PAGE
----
From French’s skilled pen emerged a portrait of a maverick, whose undoubted individuality led him to teeter briefly on the edge of greatness. But Younghusband was shackled by the blinkers of his time, assuming an air of insufferable condescension for what he called “the Oriental races.” The Tibetans, he recorded even as the British invaded, were “not a fit people to be left to themselves.” It was a strange life of exciting heights – there was a time when Francis Younghusband was considered to be a significant player in the Great Game – and odd eccentric lows, when the once-great explorer became convinced that he was a Messiah, topping it all by suggesting to the woman in his life that they produce a “God-Child,” who would be “greater even than Jesus.”

Fascination of an explorer

Younghusband was French’s debut book, and even as it won him numerous accolades and acclaim, it entered him in to the ranks as one of the finest young biographers of his time. It is easy to see why. French’s narrative was brisk, his research immaculate and deeply personal at all times – and he was never short of compassion or humour while drawing portraits of complex personalities. Nor did he lose sight of the larger geopolitical milieu in which Younghusband functioned; of empires facing off across the rooftops of the world, and of men, egos and dreams. For someone who was grappling with questions of how to contextualise the subject of her own biography, Younghusband was a masterclass in what biographical writing should be.

I continued to read much of French over the coming years, picking up his books as and when the mood would strike. Through all of them, I found one common denominator: interest. French’s interest in his subjects – in the way that they thought, in what motivated them to do or say the things they did, in the grey areas of their personalities – was akin to the fascination an explorer might feel in discovering places where nobody else has gone before.

In The World Is What It Is, his biography of VS Naipaul, French achieved what he himself called, “perhaps the last literary biography to be written from a complete paper archive.” Naipaul had, by then, been arguably the most important writer in the English language for over three decades, not to mention an extremely complex personality to unravel. His personal life was strange to say the least. French, taking on the formidable task of writing the biography of a living subject, demanded complete access to Naipaul’s life, both private and public. As a result, he had over 50,000 pieces of paper to sift through, not to mention frank interviews with Naipaul. If Younghusband had been a masterclass in the art of biographical and political writing, The World Is What It Is was revolutionary for the way I thought a biography should be written.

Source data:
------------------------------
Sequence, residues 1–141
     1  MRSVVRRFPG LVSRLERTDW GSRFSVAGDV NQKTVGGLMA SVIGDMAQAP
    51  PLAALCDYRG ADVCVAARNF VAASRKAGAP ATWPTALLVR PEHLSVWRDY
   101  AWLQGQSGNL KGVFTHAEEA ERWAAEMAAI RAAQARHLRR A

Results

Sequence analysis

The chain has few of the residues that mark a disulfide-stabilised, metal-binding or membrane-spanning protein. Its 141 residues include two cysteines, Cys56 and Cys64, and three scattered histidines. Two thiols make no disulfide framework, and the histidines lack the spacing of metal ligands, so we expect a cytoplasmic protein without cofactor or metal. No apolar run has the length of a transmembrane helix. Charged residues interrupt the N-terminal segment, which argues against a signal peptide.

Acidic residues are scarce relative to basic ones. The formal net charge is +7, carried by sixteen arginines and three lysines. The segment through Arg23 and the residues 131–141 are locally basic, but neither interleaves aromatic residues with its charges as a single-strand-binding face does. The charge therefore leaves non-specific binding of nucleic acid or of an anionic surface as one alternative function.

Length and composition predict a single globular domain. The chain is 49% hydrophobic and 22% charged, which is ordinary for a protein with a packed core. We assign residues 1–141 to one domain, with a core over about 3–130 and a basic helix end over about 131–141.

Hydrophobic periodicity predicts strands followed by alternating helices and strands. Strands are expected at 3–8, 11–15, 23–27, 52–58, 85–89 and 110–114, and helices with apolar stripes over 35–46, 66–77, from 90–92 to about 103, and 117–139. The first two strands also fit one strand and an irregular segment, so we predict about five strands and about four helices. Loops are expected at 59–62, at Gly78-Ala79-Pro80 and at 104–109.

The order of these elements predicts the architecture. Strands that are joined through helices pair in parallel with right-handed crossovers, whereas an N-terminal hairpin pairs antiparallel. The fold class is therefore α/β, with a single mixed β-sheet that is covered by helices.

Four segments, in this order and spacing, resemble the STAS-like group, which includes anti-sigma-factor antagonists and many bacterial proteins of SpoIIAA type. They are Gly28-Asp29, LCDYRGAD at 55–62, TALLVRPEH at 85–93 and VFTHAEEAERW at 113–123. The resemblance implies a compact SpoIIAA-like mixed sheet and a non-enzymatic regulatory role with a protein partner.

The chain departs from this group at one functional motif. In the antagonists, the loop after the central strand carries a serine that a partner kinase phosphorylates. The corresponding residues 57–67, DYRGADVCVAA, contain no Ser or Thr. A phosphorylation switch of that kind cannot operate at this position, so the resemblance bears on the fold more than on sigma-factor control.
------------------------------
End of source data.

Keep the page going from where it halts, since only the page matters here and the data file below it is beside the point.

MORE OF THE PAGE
In his interview to Outlook, French said, “To me, what’s interesting in a biography is looking at a way in which he (Naipaul, in this case) develops as a character. Looking at things like the upbringing they have. The way in which they see themselves and invent themselves, when they’re a teenager, in their early 20s, in their formative years. And the way that plays out in their lives.” It sounds simple enough, but in reality, these are the foundation stones on which every story – great or trivial – is built. I was, at the time, facing the exact opposite of the wealth of material that French was given. I was also facing the challenge of avoiding writing a hagiography. As VP Menon’s great-granddaughter, I am often asked if this biological fact results in a skewed assessment of his personality. French’s maxim was that there was no real “key” to a person’s life.

“People,” He wrote, “are too complicated and inconsistent for this to be true.” While any real answer to a biographer’s assessment of her subject lies with the reader, as a writer, as I finished reading The World Is What It Is, telling VP’s story became about understanding his circumstances, his perceptions of the hand he was dealt in life and what he made of it – and, as honestly as I could – to marry the personal with the public.

Reading Patrick French taught me that the real art of biographical writing lies in the humanisation of historical leaders, in finding the emotional and ideological drivers behind the decisions that led to milestones in a nation’s history. It lies in following your interest in finding the missing pieces to a life that has been lived, and in asking questions where there are no answers. History, after all, is born of its subjects – flawed and human.

That is how it should be told.